The third (green) category is the criteria that a responsible data protection officer would use when they apply the proposed breach notification rules in that Regulation. Naturally, it includes the stuff that would have been reported under the ePrivacy Directive, but it also contains a host of more trivial incidents. Remember, under these proposed rules, breach reports should be made within 24 hours, and huge fines can be imposed on those who fail to notify the right stuff. So, the cautious compliers will probably feel encouraged to over-notify, as there aren’t any penalties for over notification. It’s a bit like the old Data Protection Registration days, when data controllers ticked every box they could find on an ICO Registration form, just to be on the safe side. It still cost £35 to register, regardless of the number of boxes that were ticked.

I presented these figures yesterday at an ICO workshop on data breach management in Central London. I also made a number of other comments, and displayed the stats in a slightly different way yesterday – but the results are the same, however you cut and dice the figures.

Getting to the hard stats (pictured), if I were a responsible data controller, over the last 9 months I would have submitted 4 breach notification reports to the ICO if I were adhering to the ICO’s “best practice” guidelines, 27 reports if I were adhering to the ePrivacy rules, and a whopping 88 reports if I were doing my best to comply with the proposed rules in that Regulation.

It’s my contention, that of the 88 reports sent to the ICO, in truth they could throw away 84 of them and just concentrate on the 4 reports that I would have sent using the ICO’s current ”best practice” guidelines. And, they would find that there was no need to take any regulatory action against the data controller in respect of these 4 reports, given the nature of the reports – which I won’t discuss in this blog.

But what happens when the other 330,000 large data controllers in the UK start to follow my lead, and increase the volume of reports by so much? Especially when, frankly, all that’s new that's being sent is the inconsequential and the trivial? Remember, we are all probably going to be reporting a couple of incidents each week.

And, being a responsible data controller, I’ll be demanding that the ICO promptly marks my homework, and gives me feedback on each report, so I can better calibrate the next incident that comes along and decide whether it needs to be reported.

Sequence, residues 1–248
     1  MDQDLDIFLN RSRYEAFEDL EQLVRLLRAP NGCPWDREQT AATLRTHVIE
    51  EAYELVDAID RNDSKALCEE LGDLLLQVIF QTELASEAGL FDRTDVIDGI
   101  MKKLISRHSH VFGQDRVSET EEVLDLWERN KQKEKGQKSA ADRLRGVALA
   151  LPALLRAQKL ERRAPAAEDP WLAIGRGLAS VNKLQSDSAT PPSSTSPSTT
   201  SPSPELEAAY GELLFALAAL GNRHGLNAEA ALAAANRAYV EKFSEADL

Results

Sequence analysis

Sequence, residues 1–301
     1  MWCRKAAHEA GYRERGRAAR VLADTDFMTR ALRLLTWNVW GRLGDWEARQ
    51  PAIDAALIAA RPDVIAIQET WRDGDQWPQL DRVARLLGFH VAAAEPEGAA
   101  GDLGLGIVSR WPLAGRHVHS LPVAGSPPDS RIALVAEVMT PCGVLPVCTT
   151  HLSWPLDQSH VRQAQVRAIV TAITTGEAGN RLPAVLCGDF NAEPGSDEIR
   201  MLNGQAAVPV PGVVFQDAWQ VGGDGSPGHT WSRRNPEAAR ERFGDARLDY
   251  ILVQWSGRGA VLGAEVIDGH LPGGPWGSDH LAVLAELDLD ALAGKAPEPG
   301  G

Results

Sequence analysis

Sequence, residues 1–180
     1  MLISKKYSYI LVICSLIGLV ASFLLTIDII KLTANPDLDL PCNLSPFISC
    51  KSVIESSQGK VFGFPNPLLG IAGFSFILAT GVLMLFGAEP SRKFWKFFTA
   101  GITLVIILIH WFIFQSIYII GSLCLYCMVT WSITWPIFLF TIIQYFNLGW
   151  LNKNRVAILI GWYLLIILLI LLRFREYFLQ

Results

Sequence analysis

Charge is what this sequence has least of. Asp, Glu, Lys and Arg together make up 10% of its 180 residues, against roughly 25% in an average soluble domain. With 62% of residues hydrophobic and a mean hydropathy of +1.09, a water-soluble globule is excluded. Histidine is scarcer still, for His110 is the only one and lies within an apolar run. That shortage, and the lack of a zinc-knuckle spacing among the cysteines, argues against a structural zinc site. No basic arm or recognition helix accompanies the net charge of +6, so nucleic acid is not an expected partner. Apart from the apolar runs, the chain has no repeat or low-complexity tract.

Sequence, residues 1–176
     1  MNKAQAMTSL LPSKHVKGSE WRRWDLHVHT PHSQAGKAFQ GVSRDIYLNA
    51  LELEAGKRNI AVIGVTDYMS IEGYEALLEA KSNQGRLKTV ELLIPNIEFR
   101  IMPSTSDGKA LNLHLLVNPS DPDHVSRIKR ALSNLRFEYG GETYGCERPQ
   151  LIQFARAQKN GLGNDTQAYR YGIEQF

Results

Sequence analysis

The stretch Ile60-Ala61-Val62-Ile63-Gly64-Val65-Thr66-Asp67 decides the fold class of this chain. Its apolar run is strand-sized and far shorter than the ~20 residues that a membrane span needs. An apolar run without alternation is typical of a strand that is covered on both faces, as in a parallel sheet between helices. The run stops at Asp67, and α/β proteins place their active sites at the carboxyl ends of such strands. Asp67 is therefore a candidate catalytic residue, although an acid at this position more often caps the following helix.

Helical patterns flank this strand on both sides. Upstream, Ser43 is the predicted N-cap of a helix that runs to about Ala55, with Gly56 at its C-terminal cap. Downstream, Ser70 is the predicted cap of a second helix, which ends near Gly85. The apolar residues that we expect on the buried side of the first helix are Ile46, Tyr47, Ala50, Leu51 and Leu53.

The faster the regulators realise the consequences of having to deal with the huge additional workload, the better. I don’t mind keeping regulators busy. But if they can’t cope with what they are being sent, then data controllers are going to be mightily unhappy if they are to be fined for not keeping up with their obligations to promptly report the incidents in the first place.

Note to academic researchers:
Please get in touch if you are seriously interested in helping out by sanity checking my calculations. And if you want to help prevent regulators from being swamped with a daily tsunami of trivial breach notification reports.


Saturday, 24 March 2012

Speaking in clichés

This weekend I'm preparing a series of remarks that I'll be making at the ICO’s conference on the future of data protection, to be held in Central London later in the week. Don’t worry if you haven’t heard about it – I gather that such was the anticipated interest, and the predicted subsequent disappointment when it was realised that not every applicant could attend, that it has turned into an invitation-only event. I’ll blog about the best bits later.

Some of the phrases I'll be using in my presentation ought to be pretty good. And that will be because I'll be repeating a few of the lines used by Cory Doctrow at the Open Rights Group's conference, held in Central London today (pictured). Who is he? He's a Canadian-British blogger cum journalist who is also well known as a science fiction author.

Cory was speaking (using reams of carefully honed phrases) on the war on general purpose computing. I'll be speaking on data breach management. But we could well be using the same language to make same the points in our presentations. Spooky.

And what phrases may I be gratefully be rehashing?

Eyes down for catch phrase bingo:

“They made a series of unrealistic demands on the community and the community stubbornly refused to follow them.”

“As they say on aircraft carriers, Mission Accomplished.”

“The triviality of this issue is revealed when we appreciate the significance of the real issues that face us today.
[Such as the economy, education and public health.] This is not a war, this is barely a skirmish.”

“Are we finally fighting the final boss at the end of the game, or is it just the intermediate boss at the end of the level? Or are we still fighting the mini boss?”

“Real legislative toxic waste.”